But he, desiring to justify himself, said to Jesus, “And who is my neighbor?” -- Luke 10:29It is easy to scoff at the arrogant lawyer who prompted Jesus' parable about the Good Samaritan, this insolent jerk who wanted to find excuses for his hatreds--or at least his indifferences--and thus challenged the teacher to clarify the reasonable limits of love. It is easy to scoff, because most of us see more of the Samaritan in ourselves than we do the lawyer.
But if I'm honest, far too much of my life is spent desiring to justify myself.
This pursuit is not restricted to holding up my arguments as superior to others', though that is certainly part of the picture. No, this goes to the very core of my sinful psyche. Every pursuit of accomplishment, fame, respect, power, and love seems tainted by a desperate, faithless craving for self-justification.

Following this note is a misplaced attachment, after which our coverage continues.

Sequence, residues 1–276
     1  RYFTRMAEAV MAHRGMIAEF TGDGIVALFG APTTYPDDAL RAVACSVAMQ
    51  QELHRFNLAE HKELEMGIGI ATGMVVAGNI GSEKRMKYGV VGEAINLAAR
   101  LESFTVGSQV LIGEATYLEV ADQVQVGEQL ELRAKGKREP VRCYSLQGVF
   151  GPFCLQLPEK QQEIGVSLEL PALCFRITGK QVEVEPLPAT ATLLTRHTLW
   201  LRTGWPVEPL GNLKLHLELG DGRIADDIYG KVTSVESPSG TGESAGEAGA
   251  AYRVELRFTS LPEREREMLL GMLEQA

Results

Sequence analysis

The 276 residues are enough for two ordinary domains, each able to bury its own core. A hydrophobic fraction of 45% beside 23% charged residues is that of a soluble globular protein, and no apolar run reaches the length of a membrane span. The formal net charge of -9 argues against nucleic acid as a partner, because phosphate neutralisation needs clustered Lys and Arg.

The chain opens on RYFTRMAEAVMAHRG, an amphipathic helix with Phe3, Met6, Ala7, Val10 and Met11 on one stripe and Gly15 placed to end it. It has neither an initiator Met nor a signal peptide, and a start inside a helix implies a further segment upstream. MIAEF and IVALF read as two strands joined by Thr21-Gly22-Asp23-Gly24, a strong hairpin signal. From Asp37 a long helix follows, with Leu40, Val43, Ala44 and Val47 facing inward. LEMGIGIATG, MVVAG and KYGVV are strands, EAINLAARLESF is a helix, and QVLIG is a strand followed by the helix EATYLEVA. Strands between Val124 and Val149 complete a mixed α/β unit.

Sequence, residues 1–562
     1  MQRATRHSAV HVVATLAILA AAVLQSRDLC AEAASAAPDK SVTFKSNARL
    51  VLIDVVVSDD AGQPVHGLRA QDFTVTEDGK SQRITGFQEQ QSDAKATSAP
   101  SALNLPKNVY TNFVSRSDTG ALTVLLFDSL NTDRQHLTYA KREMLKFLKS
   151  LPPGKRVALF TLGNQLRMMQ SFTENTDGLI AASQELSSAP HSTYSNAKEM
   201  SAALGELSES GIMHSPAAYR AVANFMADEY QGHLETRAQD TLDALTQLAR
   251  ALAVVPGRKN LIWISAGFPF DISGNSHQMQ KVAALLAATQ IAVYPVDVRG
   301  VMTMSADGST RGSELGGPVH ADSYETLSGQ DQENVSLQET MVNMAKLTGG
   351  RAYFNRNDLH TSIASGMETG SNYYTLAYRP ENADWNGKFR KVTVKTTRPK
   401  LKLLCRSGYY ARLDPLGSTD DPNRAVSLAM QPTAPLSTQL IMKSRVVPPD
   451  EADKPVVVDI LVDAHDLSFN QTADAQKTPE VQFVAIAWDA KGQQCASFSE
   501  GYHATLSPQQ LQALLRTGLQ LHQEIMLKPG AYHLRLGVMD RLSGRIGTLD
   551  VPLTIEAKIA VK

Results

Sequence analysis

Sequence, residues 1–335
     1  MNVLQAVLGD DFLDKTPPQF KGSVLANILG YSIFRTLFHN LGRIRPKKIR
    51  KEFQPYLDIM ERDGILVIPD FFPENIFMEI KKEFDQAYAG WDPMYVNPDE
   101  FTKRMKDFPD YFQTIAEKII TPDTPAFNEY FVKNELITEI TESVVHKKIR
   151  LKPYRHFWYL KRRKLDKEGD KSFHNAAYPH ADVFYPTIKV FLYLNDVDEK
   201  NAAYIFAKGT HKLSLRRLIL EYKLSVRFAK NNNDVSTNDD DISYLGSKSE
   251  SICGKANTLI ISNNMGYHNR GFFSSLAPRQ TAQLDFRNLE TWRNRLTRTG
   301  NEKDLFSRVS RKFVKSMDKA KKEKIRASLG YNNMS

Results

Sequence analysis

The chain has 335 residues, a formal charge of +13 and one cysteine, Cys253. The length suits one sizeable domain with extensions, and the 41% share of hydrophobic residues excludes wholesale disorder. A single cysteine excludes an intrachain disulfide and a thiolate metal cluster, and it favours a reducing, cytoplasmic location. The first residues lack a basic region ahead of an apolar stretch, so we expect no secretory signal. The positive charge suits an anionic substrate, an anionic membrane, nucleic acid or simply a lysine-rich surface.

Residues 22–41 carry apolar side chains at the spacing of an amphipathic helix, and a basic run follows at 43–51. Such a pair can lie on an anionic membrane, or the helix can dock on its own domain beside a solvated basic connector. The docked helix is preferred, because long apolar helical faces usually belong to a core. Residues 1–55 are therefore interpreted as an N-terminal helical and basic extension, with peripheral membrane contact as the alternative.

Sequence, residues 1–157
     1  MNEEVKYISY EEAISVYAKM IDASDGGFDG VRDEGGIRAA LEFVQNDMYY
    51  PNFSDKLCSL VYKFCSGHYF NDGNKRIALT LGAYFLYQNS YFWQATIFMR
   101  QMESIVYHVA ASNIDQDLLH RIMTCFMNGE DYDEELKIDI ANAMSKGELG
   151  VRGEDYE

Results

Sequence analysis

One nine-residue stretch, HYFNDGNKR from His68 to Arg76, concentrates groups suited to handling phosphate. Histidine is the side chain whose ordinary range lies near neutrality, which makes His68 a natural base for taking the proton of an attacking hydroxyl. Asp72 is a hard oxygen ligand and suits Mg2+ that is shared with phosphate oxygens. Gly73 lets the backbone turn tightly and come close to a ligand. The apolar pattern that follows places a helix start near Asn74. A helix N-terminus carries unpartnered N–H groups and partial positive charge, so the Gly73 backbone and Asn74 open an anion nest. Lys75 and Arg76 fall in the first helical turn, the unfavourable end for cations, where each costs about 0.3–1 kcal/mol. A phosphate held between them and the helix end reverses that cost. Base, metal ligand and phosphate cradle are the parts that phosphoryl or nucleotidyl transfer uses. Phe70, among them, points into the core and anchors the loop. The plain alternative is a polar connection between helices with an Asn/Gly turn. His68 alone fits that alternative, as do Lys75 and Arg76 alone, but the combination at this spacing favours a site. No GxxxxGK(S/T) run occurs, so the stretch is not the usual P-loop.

You see, while God clearly tells me that my life is supremely valuable based on His work in me, Satan tells me that I must make a name for myself. Satan insists that I must prove my worth. Satan mocks that if people do not think that I am wonderful, then I must be a failure.
I therefore set myself frantically to the task of demonstrating that my dirty rags can be cleaner than yours, or at least clean enough. The very hopelessness of the cause ought to drive me to the cross for a fresh outpouring of divine grace, yet time and again I prove too weak even for that. Rather, I pathetically plunge these rags back into the muddy waters of my own life and vainly scrub, defying both belief and reason.
Jesus' parable not only destroys my own self-justification, it demonstrates the healing life I am constantly shunning. The grace of the Samaritan is fully available to me at every turn, outstretched in the compassionate hand of my Father. All that is required is for me to stop striving to justify my life by my own merits, lay still, let him bind up my wounds, and take me home.
* Note, thank you to my friend, John Cheek, for inspiring this post.